American Football: Kosar back in saddle: Dallas debut successful

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The Independent Online
FOR Bernie Kosar a week has been a long time in sports politics. Last weekend he was the quarterback of the Cleveland Browns, his floundering performance contributing to a home defeat by the Denver Broncos. On Sunday he guided the Dallas Cowboys to victory over the Phoenix Cardinals. It had been a turbulent seven days, but by their end Kosar was a happy, if rather poorer, man.

The catalyst was the sensational decision made by Bill Belichick, the Browns head coach, to cut Kosar from the roster after the Denver defeat. Only last month Kosar had signed a dollars 26m ( pounds 18m) deal to keep him in Cleveland for the next seven years. It was worth dollars 4m this year, but by cutting him at the season's half- way point the Browns saved dollars 2m.

Kosar was unemployed for a matter of days. Spurning an offer of around dollars 1m from the Miami Dolphins, he accepted about half that from the Cowboys and, with Troy Aikman injured, went into the Cardinals game as back-up to Jason Garrett. After two series he replaced Garrett and ended up completing 13 of 20 passes, one of them for a touchdown.

Kosar's talent, or lack of it, has long been a matter of debate. Possessing the mobility of a dumper truck, he seems permanently vulnerable to the lightning pass rushes that have become the NFL's stock in trade. On the other hand he is extremely accurate over short and middle distances, and Jimmy Johnson, the Dallas head coach, is not one to let his exceptionally low interception rate go unappreciated.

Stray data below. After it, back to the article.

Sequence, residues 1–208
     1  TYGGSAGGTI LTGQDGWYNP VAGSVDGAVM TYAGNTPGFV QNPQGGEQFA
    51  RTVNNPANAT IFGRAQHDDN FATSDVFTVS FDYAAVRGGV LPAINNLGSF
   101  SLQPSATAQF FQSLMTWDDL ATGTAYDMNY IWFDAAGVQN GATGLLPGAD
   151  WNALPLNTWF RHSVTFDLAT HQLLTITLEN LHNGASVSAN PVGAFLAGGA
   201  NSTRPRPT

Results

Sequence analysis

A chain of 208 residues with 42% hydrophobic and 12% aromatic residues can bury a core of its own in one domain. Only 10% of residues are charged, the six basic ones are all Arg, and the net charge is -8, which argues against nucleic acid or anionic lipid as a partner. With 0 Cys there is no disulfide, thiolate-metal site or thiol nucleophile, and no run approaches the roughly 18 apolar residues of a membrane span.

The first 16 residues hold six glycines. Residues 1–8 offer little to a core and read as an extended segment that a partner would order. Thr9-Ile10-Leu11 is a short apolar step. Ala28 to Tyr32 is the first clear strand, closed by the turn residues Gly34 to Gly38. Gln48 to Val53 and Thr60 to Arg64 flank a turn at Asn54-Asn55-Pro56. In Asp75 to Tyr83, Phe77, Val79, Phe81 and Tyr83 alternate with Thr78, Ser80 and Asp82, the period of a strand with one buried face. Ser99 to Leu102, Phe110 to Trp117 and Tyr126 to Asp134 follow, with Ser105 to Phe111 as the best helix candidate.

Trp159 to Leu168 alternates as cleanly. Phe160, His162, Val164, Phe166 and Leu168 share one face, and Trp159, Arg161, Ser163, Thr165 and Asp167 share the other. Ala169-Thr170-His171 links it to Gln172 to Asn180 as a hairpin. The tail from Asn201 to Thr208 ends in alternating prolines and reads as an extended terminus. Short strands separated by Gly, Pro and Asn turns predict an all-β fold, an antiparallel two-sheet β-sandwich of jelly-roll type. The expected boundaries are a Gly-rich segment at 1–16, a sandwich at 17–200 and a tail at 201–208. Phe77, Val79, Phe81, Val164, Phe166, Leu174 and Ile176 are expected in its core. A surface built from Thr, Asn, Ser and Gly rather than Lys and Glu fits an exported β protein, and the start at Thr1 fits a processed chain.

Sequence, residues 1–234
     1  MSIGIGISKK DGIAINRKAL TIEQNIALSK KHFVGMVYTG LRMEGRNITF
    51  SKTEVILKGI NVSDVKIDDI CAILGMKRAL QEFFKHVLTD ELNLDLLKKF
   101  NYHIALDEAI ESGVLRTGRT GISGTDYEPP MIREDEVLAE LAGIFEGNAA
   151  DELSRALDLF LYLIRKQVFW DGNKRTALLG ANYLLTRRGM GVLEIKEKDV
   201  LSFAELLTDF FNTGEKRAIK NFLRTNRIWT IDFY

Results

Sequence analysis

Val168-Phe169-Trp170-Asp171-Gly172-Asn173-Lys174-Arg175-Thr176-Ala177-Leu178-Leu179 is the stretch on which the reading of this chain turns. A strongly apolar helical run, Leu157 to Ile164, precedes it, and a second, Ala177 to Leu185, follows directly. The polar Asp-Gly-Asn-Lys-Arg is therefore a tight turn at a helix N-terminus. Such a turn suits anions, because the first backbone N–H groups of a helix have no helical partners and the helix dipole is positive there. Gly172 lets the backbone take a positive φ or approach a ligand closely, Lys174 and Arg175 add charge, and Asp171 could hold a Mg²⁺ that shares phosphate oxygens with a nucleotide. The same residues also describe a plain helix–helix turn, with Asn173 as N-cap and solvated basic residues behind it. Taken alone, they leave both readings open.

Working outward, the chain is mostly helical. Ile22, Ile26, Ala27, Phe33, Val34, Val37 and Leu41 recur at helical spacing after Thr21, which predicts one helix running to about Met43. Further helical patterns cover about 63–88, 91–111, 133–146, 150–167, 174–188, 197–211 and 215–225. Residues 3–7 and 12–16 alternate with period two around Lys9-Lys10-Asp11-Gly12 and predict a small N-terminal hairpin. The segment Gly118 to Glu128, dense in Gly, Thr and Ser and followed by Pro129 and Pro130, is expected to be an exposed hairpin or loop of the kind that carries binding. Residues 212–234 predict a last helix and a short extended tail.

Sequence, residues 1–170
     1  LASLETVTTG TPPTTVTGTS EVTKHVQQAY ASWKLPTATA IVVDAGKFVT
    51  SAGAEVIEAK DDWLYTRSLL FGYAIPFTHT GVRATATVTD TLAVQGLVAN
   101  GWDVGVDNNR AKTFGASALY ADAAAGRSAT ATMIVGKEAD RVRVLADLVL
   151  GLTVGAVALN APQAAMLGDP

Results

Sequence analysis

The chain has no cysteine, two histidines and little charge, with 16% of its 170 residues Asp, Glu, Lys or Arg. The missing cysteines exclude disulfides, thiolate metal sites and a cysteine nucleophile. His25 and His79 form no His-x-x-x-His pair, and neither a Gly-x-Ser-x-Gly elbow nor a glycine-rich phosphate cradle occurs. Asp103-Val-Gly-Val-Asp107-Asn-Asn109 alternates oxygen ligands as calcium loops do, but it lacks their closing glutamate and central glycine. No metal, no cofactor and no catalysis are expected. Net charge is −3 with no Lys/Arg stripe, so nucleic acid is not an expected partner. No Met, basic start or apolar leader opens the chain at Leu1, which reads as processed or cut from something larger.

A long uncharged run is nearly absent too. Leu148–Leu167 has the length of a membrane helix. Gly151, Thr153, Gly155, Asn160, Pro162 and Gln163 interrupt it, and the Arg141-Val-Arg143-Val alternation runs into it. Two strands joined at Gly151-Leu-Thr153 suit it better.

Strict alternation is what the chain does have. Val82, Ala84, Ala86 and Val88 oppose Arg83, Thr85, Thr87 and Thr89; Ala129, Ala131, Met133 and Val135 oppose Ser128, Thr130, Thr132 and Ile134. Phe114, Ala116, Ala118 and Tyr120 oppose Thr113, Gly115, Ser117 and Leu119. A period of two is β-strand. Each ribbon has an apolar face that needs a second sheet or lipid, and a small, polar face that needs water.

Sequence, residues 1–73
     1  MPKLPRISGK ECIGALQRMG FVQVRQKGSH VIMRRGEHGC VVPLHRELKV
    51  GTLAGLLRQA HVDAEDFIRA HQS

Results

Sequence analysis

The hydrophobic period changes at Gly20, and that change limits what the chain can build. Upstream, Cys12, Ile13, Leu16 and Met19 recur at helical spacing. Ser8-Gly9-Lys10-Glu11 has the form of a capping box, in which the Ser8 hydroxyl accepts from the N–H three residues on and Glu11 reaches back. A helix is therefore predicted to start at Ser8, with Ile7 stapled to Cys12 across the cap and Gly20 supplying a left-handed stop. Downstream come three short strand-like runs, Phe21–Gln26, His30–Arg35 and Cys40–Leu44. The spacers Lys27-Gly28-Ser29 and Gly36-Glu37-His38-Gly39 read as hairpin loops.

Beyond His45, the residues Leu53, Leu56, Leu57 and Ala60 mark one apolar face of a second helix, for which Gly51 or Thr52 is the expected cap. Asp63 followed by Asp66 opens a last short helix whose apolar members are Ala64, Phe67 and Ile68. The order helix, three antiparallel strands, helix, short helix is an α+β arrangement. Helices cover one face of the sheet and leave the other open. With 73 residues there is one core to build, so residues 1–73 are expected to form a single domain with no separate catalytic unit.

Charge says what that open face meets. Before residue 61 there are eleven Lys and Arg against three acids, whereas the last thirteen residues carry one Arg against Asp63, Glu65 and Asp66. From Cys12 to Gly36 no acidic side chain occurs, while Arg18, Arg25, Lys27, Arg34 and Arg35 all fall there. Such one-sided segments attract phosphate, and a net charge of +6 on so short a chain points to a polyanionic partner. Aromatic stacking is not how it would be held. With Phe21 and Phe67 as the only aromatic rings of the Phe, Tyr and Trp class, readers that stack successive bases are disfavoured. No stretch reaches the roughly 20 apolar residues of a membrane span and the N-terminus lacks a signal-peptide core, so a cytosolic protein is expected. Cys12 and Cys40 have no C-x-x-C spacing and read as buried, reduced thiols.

Johnson is rarely wrong, but Kosar's judgement is more questionable. He picked the Cowboys because he believes them to have a better chance of making the Super Bowl. At Dallas, however, Kosar can only be a co-star, with Aikman certain to start when fit. At Miami, with Dan Marino lost for the season, he could easily have become the team's first-choice quarterback.

The Dolphins managed quite nicely without Kosar, winning 19-14 in Philadelphia. The victory made Don Shula the most successful head coach in NFL history. It was his 325th, one ahead of the mark set by George Halas. 'This one will be special because of the way we won it. The guys hung tough to win a game that meant so much to me,' Shula said. It came at a price, with Scott Mitchell, Marino's able understudy, suffering a separated shoulder and out for at least three weeks. Doug Pedersen, once a back- up in the World League, filled in. The Eagles, having won their first four matches, have now lost their last five.

Todd Philcox, who took Kosar's spot with the Browns, had a miserable day in Seattle, throwing two interceptions and losing two fumbles. The Browns lost 22-5.

Scores and tables, Sport in Short

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